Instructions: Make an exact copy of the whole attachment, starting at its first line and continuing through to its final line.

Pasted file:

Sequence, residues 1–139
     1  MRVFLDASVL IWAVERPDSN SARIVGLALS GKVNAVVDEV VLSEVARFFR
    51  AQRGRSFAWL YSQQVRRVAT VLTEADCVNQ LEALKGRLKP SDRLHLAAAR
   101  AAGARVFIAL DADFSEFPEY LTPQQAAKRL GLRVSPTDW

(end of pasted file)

Sequence, residues 1–139
     1  MRVFLDASVL IWAVERPDSN SARIVGLALS GKVNAVVDEV VLSEVARFFR
    51  AQRGRSFAWL YSQQVRRVAT VLTEADCVNQ LEALKGRLKP SDRLHLAAAR
   101  AAGARVFIAL DADFSEFPEY LTPQQAAKRL GLRVSPTDW